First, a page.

Recent events have highlighted the need for trade associations such as IDEA to be aware of - and take proactive steps to comply with - antitrust laws. In May 2009, the Obama administration made its position known on antitrust enforcement: Speaking to the U.S. Chamber of Commerce, Assistant Attorney General Christine A. Varney of the Justice Department's antitrust division remarked that the relaxation of antitrust enforcement at the outset of the Great Depression was a mistake and that vigorous enforcement must accompany efforts to revive the distressed economy. Earlier, in March, the Federal Trade Commission (FTC) required the National Association of Music Merchants (NAMM), a trade association of musical instrument sellers, to enter a consent decree that tightly restricted the organization's activities for years. This ruling was considered a wakeup call to all trade associations.

IDEA's leadership has historically remained sensitive to antitrust concerns and has steered the organization and its members clear of unlawful conduct. But given a renewed focus on antitrust enforcement generally and the role of trade associations in particular, this is a good time to review how and why IDEA conducts its meetings and guides members toward compliance.

Overview of Antitrust
Antitrust law aims to maintain competitive markets in the face of business conduct that might seek to increase profits by eliminating competition. For simplicity, let's consider there to be two main categories of antitrust laws: those regulating the activities of a single dominant firm or monopoly, generally addressed by Section 2 of the Sherman Act, and those regulating joint action among competitors, addressed by Section 1 of the Sherman Act.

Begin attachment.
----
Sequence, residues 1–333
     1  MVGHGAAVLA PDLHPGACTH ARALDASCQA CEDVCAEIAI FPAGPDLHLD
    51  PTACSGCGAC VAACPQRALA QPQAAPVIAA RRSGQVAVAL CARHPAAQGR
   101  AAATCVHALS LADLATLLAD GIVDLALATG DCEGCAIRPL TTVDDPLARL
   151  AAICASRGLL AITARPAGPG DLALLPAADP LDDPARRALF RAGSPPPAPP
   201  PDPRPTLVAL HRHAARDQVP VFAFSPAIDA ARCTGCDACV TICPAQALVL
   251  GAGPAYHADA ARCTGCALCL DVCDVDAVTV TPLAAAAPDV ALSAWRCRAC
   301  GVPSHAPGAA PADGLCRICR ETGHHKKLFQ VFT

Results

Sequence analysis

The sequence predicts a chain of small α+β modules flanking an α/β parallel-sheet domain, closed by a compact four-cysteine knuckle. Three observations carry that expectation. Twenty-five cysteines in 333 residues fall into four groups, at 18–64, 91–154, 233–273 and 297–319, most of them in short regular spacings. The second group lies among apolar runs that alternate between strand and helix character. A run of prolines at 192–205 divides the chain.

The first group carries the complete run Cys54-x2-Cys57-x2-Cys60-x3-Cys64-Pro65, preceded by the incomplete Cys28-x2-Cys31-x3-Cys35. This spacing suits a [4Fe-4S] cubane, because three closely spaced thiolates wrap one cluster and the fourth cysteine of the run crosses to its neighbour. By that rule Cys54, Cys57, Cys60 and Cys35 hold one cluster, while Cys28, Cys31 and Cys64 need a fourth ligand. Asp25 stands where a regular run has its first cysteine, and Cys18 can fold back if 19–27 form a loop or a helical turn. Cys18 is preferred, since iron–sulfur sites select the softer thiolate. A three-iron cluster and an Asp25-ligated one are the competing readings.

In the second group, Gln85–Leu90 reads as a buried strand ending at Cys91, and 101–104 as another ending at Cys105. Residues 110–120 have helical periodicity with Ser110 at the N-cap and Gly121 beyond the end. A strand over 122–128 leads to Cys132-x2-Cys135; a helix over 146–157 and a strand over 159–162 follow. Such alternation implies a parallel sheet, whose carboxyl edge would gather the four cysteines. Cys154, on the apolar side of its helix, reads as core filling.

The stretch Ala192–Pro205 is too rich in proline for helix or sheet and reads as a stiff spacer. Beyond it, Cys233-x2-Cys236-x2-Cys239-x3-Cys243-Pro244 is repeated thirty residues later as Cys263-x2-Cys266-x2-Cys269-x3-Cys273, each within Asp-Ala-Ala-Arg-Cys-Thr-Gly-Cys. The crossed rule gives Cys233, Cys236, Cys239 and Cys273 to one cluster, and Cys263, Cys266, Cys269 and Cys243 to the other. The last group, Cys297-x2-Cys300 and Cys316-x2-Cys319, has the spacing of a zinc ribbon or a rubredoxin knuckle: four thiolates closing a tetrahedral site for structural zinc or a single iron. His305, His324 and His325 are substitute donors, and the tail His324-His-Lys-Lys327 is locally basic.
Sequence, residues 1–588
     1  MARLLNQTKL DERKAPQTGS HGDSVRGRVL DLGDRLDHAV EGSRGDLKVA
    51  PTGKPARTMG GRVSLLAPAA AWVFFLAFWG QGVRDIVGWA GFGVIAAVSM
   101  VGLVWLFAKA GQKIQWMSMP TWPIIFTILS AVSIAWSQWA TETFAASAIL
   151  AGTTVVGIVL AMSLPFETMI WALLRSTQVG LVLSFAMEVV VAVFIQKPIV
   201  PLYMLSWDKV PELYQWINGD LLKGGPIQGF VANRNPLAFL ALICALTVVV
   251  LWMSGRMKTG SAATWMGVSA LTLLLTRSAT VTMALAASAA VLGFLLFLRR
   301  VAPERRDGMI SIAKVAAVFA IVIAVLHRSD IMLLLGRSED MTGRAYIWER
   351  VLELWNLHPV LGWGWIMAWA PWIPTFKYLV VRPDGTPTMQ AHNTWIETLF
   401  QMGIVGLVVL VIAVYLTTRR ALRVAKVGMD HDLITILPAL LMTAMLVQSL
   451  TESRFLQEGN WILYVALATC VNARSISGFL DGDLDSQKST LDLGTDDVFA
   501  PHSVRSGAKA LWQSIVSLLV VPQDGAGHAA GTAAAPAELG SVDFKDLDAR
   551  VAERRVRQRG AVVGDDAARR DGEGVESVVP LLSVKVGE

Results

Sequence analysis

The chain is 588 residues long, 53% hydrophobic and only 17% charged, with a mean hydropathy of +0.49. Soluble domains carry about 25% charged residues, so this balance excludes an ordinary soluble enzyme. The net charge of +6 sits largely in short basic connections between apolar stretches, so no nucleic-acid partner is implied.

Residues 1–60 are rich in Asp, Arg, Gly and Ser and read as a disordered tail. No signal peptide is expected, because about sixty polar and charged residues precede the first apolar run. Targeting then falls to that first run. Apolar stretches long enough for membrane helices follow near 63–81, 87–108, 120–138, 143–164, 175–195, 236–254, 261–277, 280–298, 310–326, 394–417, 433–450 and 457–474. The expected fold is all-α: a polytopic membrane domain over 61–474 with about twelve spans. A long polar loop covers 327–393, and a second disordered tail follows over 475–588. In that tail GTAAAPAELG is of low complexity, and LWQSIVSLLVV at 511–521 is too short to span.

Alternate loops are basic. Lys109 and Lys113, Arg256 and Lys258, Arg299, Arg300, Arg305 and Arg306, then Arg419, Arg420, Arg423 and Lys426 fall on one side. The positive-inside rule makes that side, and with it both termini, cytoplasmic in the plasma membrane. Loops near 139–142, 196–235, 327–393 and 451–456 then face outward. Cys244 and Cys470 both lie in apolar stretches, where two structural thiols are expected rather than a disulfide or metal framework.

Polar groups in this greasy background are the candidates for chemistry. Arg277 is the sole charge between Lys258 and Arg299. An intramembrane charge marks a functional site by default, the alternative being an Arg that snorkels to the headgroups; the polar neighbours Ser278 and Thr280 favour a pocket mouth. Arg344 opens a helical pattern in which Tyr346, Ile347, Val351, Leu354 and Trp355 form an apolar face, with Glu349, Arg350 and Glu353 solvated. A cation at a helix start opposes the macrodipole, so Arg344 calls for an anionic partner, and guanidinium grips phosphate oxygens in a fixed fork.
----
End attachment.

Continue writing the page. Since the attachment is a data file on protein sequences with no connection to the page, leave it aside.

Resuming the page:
Another area of antitrust law pertains to challenged conduct. The antitrust laws only forbid restraints of trade that are considered "unreasonable." Courts and agencies therefore apply a so-called Rule of Reason, examining the nature of the conduct, the market in which it occurs and the positive and negative impacts it may have on competition in the relevant market. This is a complicated, economics-driven inquiry with general rules but few concrete guideposts.

By contrast, certain marketplace conduct is considered anticompetitive (and illegal) per se, having no redeeming positive effects on competition. Agreements to fix prices, rig bids, divide territories or allocate customers or market segments fall into this category of business activity. Even if the argument can be made that this conduct benefits consumers, it is prohibited. Many times this conduct will bring harsh criminal penalties as well as civil suits.

Trade Association Activities
Activities of trade associations have been suspect since before the founding of this nation. Writing in 1776, Adam Smith warned, "People of the same trade seldom meet together, even for merriment and diversion, but the conversation ends in a conspiracy against the public, or in some contrivance to raise prices." (Wealth of Nations [1776], Vol. I, Ch. 10, pt. 2.) On the other hand, cooperation, education and information exchanges through trade associations most frequently generate improved efficiencies, technological advances and better value for consumers, so nobody opposes the ongoing existence of the organizations. Antitrust regulators try to keep the balance tipped toward the benefit side.